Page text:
Old-School Confessional Revives Saying ‘I’m Sorry’

RNS photo by Ann Marie Somma/Hartford Faith & Values.

The new confessional at St. Mary the Immaculate Conception Church, RNS photo by Ann Marie Somma/Hartford Faith & Values.

DERBY, Conn. — The Rev. Janusz Kukulka can’t say for sure that his parishioners are sinning more, but they sure are lining up at the new confessional booth to tell him about it.

For years, Kukulka, was content with absolving sins in a private room marked by an exit sign to the right of the altar St. Mary the Immaculate Conception Catholic Church.

But something happened during Lent this year. For the first time, Kukulka really noticed the two confessionals missing from the rear of his church. They’d been gone for four decades, ripped out during the 1970s to make room for air conditioning units during a renovation inspired by the Second Vatican Council.

They must have been a thing of beauty, Kukulka thought. He imagined their dark oak paneled doors and arched moldings to match the Gothic architecture of the church designed by renowned 19th-century architect Patrick Keely.

Their absence was striking, especially when the Archdiocese of Hartford had asked parishes to extend their confession hours during Lent, part of a public relations campaign to get Catholics to return to the sacrament of reconciliation.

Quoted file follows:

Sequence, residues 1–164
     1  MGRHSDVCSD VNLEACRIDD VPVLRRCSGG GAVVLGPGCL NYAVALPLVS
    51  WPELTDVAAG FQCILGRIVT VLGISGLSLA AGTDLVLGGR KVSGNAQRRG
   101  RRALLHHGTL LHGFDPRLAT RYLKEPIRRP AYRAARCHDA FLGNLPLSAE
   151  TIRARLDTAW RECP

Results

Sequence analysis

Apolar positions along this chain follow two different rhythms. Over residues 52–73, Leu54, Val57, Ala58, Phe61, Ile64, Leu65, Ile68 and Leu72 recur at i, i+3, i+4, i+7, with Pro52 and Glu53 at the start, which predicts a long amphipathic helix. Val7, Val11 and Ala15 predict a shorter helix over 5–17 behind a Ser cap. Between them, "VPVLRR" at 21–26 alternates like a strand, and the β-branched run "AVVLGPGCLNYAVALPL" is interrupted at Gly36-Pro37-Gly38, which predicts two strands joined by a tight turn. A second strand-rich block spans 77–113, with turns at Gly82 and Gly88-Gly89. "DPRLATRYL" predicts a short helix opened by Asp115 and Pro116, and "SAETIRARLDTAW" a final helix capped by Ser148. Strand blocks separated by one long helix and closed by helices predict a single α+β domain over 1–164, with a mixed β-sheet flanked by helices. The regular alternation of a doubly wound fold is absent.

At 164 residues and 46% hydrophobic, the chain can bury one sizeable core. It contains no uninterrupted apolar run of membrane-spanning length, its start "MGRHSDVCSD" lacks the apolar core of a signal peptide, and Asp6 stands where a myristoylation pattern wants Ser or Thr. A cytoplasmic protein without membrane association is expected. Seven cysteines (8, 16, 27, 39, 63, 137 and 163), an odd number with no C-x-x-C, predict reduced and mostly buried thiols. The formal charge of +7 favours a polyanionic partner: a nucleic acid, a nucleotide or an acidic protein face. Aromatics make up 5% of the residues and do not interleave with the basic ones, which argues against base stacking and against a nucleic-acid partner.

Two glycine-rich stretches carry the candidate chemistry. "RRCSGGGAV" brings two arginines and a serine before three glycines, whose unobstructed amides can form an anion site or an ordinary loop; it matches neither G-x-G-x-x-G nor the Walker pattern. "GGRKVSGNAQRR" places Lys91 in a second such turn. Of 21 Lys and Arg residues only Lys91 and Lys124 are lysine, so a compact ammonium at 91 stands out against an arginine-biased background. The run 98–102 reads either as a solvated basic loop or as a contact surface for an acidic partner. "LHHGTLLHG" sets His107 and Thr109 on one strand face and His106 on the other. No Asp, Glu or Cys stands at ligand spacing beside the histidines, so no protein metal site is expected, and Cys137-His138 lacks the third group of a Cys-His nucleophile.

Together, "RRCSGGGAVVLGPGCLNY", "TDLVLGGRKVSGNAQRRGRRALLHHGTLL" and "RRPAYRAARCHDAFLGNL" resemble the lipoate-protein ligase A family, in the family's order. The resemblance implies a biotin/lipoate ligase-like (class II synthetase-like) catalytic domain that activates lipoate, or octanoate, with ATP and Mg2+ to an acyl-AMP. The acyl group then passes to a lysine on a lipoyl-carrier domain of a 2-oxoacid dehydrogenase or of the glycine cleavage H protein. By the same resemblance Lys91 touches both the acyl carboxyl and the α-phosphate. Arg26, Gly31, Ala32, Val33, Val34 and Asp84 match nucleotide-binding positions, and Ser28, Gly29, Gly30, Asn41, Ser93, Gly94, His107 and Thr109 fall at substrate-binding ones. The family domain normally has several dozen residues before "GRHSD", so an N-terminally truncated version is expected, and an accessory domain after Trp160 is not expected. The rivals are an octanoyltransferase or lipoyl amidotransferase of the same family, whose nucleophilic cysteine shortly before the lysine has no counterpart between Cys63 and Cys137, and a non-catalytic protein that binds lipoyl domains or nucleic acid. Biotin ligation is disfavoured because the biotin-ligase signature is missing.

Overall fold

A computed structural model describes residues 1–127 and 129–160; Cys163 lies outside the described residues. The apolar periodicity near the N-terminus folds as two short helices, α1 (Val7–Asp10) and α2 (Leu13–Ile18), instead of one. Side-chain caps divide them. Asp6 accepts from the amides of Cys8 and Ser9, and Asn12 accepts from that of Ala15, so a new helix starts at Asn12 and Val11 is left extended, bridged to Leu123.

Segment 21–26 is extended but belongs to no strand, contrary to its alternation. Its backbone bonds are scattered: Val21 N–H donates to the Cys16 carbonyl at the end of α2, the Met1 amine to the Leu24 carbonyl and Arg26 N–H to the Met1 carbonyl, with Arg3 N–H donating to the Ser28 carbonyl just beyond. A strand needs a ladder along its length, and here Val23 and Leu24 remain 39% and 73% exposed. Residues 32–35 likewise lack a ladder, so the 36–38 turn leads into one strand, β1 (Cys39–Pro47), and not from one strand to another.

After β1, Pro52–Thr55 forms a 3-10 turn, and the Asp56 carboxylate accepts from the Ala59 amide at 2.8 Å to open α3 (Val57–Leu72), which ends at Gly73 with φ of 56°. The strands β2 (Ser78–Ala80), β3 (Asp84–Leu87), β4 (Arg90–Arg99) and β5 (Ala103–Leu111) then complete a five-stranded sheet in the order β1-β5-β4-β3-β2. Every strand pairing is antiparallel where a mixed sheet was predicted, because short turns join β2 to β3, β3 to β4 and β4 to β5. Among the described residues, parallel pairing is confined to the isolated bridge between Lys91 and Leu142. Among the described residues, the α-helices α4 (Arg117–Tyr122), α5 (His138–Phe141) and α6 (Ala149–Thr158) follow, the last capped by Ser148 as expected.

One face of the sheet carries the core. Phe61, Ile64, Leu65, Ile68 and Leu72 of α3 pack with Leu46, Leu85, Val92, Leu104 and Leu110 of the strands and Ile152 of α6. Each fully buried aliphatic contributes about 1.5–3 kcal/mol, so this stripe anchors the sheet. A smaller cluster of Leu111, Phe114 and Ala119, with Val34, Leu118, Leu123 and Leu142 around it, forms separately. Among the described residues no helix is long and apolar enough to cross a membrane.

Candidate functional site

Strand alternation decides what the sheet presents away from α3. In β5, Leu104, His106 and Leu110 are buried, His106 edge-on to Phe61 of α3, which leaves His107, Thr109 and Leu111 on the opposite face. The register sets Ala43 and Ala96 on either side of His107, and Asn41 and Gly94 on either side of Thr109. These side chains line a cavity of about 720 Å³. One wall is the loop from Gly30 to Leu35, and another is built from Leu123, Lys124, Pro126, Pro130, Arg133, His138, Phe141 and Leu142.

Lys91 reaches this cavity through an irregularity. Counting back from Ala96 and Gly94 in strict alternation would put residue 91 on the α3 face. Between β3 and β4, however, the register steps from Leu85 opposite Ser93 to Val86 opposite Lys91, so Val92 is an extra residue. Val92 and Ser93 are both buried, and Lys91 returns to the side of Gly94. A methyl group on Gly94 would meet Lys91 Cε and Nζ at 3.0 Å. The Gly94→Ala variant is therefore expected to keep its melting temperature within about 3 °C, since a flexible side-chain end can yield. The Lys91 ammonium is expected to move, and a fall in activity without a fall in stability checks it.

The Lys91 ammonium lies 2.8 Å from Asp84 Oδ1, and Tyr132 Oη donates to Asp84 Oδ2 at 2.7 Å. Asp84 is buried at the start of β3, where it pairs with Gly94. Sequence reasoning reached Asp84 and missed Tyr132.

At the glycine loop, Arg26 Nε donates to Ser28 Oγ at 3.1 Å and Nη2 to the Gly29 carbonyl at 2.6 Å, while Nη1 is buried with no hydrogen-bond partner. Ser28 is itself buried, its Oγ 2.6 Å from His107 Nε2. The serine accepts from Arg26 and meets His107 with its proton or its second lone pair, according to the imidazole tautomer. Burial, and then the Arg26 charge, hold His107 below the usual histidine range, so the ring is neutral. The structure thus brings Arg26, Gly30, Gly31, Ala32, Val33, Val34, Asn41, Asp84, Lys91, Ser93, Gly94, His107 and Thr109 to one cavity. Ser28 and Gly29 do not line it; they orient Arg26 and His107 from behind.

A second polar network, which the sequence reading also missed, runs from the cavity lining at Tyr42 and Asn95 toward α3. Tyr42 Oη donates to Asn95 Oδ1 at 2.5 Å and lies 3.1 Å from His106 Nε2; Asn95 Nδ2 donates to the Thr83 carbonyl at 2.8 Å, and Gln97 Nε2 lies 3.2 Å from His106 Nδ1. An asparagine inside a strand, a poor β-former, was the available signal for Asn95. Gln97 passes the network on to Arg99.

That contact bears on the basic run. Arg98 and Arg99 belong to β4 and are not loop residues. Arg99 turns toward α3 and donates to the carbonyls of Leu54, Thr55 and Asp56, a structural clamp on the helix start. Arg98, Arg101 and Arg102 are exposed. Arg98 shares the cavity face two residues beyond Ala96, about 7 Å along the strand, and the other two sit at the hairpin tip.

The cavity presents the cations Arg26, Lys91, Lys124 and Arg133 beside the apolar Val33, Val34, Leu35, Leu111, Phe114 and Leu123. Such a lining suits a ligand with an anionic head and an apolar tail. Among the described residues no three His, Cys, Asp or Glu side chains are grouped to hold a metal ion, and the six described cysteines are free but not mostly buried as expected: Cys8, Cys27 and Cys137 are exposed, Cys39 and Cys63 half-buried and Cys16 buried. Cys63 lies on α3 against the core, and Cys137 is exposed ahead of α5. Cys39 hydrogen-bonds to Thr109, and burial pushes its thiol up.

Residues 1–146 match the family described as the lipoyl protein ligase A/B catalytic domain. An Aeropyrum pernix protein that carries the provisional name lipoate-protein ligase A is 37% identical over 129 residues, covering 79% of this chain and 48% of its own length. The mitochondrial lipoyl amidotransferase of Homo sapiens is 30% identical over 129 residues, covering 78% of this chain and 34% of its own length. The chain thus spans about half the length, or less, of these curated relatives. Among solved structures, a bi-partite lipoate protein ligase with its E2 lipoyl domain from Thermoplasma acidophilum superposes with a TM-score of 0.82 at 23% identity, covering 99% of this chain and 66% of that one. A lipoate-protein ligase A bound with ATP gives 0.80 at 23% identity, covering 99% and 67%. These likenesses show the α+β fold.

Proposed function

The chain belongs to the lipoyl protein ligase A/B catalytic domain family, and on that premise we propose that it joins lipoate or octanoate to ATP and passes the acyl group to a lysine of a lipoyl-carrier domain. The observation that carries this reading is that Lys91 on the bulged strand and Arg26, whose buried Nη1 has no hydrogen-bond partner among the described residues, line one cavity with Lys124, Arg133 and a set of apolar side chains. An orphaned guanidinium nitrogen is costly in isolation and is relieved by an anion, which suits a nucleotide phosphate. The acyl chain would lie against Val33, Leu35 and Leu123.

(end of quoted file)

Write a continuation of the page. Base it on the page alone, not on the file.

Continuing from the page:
So, one Sunday Kukulka announced his desire to the congregation. “I told them I wanted a visible confessional,” he said.

He got one within a week.

Being Good Doesn’t Make You Free. The Truth Makes You Free.

Way to Freedom, Lukiyanova Natalia / frenta/ Shutterstock.com

Way to Freedom, Lukiyanova Natalia / frenta/ Shutterstock.com

There’s someone who is new here at House for All … actually they are new to church entirely and therefore unfamiliar with liturgy. After coming to House for a few weeks I met them for lunch and asked what stands out for them at church expecting them to say the singing or maybe the community. “You know that part at the beginning where we all say together that we’ve fractured relationships and done things we shouldn’t and stuff?” Uh…I answered…the confession? “Yeah! they said. That’s so amazing.”

There’s a trend in starting new Lutheran churches to actually eliminate the confession and absolution in the liturgy because, well, it just makes people feel bad. And let’s be honest, it’s just a lot more appealing to go to a church that doesn’t make you feel bad.

And I guess there is some logic to that. I mean, if the point of religion is to teach us good from evil and how to choose the good, then who wants to start out each Sunday saying that you didn’t manage to pull that off. Again.